It’s the kind of press release headline a PR person dreads writing: “Company XYZ Lives Up to Lowered Expectations.” It’s the PR version of the backhanded compliment. These days, young and fresh-faced PR operatives are replacing meaningless words and phrases such as “end-to-end solutions” and “enabling technology” with the painful “layoffs” and “Chapter 11.”
The Institute for Crisis Management defines a crisis as “a significant business disruption which stimulates extensive news media coverage. The resulting public scrutiny will affect the organization’s normal operations and also could have a political, legal, financial and governmental impact on its business.”
Sometimes, a relatively small issue can escalate into a huge one if the media sinks its teeth into it. A few bits of bad press and suddenly the business press is interested, and then Wall Street analysts/pundits are telling Jim Lehrer of PBS’s NewsHour that your company’s stocks are “sell, sell, sell.” And with the Internet, this can happen within 48 hours.
As we’ve said before, a communications crisis is what separates the true PR professionals from the wannabes and also-rans (i.e., the ones who submitted 8 x 10 glossies with their risumis). If your company is facing some difficult times and you’re concerned about press coverage, it’s time to call in the veteran communicators.
Here are some quick tips to consider when handling or preparing for a crisis.
Be Swift, Direct, and Honest
It may sound strange, but the best-case scenario is when the company itself reports the bad news. This is proactive and prevents your company from being put in a weakened, defensive position. If the crisis is foreseen — impending bad financial news, for example — make sure the public relations staff is at the senior management table to discuss overall strategy.
A caveat: This is a strategic move that must be carefully reviewed and implemented. Not all bad news is worthy of proactive announcements to the public. In many cases, an issue can be effectively handled internally, with no impact on the business and no need for announcement and subsequent media hoopla. Make sure you know the difference between general, garden-variety bad news and a true corporate crisis.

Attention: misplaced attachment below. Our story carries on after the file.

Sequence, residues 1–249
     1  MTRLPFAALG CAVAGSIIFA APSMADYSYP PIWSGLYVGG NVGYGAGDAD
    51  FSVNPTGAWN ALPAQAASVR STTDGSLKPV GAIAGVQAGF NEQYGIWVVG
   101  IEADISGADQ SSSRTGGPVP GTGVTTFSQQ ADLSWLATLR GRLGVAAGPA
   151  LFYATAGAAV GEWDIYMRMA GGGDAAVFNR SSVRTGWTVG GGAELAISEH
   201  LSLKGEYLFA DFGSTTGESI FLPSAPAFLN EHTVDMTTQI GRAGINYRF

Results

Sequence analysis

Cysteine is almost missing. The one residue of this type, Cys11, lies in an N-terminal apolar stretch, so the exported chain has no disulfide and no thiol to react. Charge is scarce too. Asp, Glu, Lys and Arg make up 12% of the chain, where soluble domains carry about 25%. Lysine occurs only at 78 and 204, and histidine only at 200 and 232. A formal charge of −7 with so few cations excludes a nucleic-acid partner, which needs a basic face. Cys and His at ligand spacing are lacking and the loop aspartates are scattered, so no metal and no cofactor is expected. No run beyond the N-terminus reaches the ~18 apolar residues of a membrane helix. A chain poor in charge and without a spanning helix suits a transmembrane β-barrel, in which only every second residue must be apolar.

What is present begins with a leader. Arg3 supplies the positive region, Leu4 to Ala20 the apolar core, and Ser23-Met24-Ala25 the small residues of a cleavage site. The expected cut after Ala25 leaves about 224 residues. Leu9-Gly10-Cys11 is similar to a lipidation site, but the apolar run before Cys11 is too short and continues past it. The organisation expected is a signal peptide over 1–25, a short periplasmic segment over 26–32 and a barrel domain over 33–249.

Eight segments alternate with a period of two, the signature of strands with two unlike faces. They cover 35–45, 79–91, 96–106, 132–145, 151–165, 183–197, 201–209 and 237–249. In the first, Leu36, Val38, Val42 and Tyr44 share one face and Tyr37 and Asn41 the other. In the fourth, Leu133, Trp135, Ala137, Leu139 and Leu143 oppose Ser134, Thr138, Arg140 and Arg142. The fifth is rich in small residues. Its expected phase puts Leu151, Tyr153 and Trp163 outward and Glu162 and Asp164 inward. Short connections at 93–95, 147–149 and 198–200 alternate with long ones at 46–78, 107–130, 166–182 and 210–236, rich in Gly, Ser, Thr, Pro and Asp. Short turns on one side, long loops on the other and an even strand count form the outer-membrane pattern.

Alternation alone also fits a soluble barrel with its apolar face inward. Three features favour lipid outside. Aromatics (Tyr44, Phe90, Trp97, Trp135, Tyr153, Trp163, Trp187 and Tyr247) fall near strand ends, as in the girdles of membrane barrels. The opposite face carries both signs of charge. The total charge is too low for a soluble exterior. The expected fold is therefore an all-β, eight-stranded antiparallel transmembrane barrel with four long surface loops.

If the crisis is not foreseen and you’re forced into a reactive position, then react quickly. No issue skirting allowed. If you visit drkoop.com’s press relations site, you won’t find any references to news media stories about last year’s financial troubles. This head-in-the-sand approach is definitely not recommended.
Consider Your Internal Audience First
If your company is looking at its quarterly financials and they’re not looking pretty, you owe it to your employees to hear it from you first. You don’t want them visiting online news sites — and their evil twin, rumor-mill sites — and learning the company is in trouble.
Tell them first. Tell them how you’re going to deal with the bad news, and communicate regularly with them throughout the crisis. Yeah, maybe they’ll leak it. But maybe they won’t.
Don’t Let the Legal Department Make the Decisions
All the lawyers in the audience will write us hate mail for this one. But too bad. A lawyer’s favorite phrase after “billable hours” is “no comment” — the kiss of death in PR-speak.
Though compromise and peace can exist between the legal and communications teams, remember that their objectives are naturally at odds. Ultimately, everyone wants to protect the company. But how they try to get there are completely diverging paths.
Look no further than the case studies to show you which one is the best approach.
Don’t Pitch Fluff, Plan!
The “Look! There goes Elvis!” strategy of trying to distract the media with some other, unrelated, lame story will make you look like an idiot. Don’t do it.
We know that planning is not part of the dot-com cultural mystique. Maybe flying by the seat of your pants in this crazy world is cute to some people, but in a time of crisis you want to know exactly where everyone is and what you’re supposed to do. Grown-up companies (some of them) educate their senior managers about the crisis plan, then insist that each executive keep a copy of the plan at home and at the office.
Take a look at Northern Illinois University’s great resource on how to develop a crisis communications plan.
It doesn’t look like there’s any short-term end to the flurry of bad news coming from companies — online and offline. And, as in other things in life, there’s no better defense than a good communication strategy.
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